I'm sure there are plenty of liturgical calendars online and probably a list on the Catholic Encyclopedia. However, I would probably use this site mainly because I use it a lot in my genealogy research to my Norwegian ancestors.

It's designed for movable feasts but also includes non-movable feasts.

Norway's church over the years covered is Lutheran, but the same calendar is uses as for the Catholic church. There are probably other dates in other denominations, like July 24, Pioneer Day in the Mormon church.

Of course, there is also the Eastern Orthodox church, who still use the Julian calendar. Probably any reform wouldn't be adopted by then anyway, so I'm not sure you need to worry about them.

Victor

On Mon, Jul 24, 2017 at 7:59 AM, Christoph Päper <[hidden email]> wrote:
Is there a comprehensive list of Christian holidays that calendar designers should consider when asserting the viability of their reform proposal?

The Pope and therefore the Catholic Church is the originator and arguably maintainer of the Gregorian Calendar. Its main part, the solar 365+-day, 12-month calendar with a 400-year leap cycle does not suffice to determine all Christian holidays. Those that need the lunar-based Computus occur on fixed days of the week and in a constant distance to each other; most of them belong to the Easter Cycle. With rules from ISO 8601 applied, each of them falls into one of five calendar weeks (or very rarely in a sixth).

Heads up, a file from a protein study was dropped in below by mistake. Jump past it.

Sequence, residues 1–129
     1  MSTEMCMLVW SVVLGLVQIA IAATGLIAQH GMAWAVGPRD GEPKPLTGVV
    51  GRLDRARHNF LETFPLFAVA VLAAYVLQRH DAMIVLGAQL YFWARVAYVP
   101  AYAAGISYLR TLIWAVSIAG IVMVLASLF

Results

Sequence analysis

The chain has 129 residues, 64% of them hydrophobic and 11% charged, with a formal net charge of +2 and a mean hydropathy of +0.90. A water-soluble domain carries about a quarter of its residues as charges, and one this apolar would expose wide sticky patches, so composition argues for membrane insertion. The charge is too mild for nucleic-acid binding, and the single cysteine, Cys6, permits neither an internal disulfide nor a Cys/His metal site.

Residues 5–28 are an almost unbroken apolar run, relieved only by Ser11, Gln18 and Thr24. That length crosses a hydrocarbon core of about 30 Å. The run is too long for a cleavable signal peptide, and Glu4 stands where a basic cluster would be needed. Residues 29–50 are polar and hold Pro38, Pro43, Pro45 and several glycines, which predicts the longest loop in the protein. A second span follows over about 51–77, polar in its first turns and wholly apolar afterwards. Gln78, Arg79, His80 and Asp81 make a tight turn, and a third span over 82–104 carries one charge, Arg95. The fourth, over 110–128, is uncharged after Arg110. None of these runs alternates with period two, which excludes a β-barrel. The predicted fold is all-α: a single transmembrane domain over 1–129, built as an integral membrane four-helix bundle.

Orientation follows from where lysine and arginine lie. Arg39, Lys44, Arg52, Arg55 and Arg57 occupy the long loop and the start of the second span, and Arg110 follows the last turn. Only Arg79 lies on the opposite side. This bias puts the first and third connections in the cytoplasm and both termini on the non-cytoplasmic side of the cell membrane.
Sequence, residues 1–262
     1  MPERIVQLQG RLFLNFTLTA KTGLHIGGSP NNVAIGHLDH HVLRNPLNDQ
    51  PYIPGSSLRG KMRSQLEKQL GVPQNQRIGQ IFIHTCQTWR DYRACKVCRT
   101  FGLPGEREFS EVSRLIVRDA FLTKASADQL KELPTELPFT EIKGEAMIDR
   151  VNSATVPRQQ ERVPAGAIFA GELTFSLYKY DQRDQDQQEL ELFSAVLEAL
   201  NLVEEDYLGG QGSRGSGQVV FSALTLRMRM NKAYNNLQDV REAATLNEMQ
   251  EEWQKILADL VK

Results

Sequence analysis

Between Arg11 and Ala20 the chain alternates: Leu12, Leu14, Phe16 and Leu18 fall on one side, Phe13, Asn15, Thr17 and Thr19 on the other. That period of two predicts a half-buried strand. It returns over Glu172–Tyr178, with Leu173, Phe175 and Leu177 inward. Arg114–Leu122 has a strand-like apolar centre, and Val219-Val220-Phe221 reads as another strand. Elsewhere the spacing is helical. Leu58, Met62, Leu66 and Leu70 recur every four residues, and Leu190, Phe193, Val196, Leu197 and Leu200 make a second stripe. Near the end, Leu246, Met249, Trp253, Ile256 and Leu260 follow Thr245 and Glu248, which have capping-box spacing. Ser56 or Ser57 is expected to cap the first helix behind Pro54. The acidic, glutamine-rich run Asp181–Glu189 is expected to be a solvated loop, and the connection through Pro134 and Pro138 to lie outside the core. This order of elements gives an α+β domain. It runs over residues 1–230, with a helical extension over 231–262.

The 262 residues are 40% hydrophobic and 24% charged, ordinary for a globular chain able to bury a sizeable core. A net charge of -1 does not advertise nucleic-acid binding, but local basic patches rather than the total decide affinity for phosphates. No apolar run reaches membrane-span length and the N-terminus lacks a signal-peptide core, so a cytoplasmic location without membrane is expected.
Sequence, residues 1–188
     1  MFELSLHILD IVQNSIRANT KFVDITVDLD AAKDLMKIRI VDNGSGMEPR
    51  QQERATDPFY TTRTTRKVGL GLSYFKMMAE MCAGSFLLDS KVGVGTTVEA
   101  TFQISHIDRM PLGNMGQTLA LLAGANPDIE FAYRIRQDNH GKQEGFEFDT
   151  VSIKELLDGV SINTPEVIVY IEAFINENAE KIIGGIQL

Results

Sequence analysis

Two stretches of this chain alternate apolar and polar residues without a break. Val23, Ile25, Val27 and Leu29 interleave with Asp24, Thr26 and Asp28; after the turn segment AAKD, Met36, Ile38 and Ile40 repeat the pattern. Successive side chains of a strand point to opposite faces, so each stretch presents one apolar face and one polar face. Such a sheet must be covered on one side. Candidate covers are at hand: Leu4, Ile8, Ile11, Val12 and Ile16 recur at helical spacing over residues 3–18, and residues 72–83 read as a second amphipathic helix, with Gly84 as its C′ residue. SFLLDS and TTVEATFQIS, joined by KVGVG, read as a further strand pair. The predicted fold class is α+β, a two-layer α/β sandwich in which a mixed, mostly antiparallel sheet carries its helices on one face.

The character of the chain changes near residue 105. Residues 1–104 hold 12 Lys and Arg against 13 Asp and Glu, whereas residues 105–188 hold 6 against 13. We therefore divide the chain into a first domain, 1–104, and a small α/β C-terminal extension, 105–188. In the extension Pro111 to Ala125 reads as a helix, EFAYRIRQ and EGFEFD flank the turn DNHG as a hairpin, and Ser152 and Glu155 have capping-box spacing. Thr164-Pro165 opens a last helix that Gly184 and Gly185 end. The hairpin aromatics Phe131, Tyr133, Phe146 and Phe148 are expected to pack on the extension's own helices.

<http://calendars.wikia.com/wiki/Holiday#Easter>
<http://calendars.wikia.com/wiki/ISO_week_date#Week_number>

In a leap week calendar which is compatible with ISO 8601, these holidays therefore have obvious corresponding (moving) dates.

Many other holidays are universally understood to be specified to occur on a fixed day-month date in the Gregorian calendar, e.g. Christmas on 25 December. Except for the leap day, they have fixed distances from each other and a certain time span to a different holiday may be the reason for choosing a date, e.g. Annunciation on 25 March is exactly 9 nominal months, i.e. the length of a pregnancy, before Christmas. Some other holidays, however, have various local definitions which may include specifications like the n-th or last x-day before or after a particular month or in relation to some arbitrary anchor date in day-month format, e.g. the Advent Sundays before 25 December.

All Western civil holidays that I know of also use such definitions. For bank holidays in some jurisdictions, observances may be moved away from (or towards) the local weekend. Likewise, some Christian holidays have special rules for when they would coincide with another, moving holiday, e.g. the Feast of the Annunciation is delayed if it otherwise fell within the Holy Week before Easter.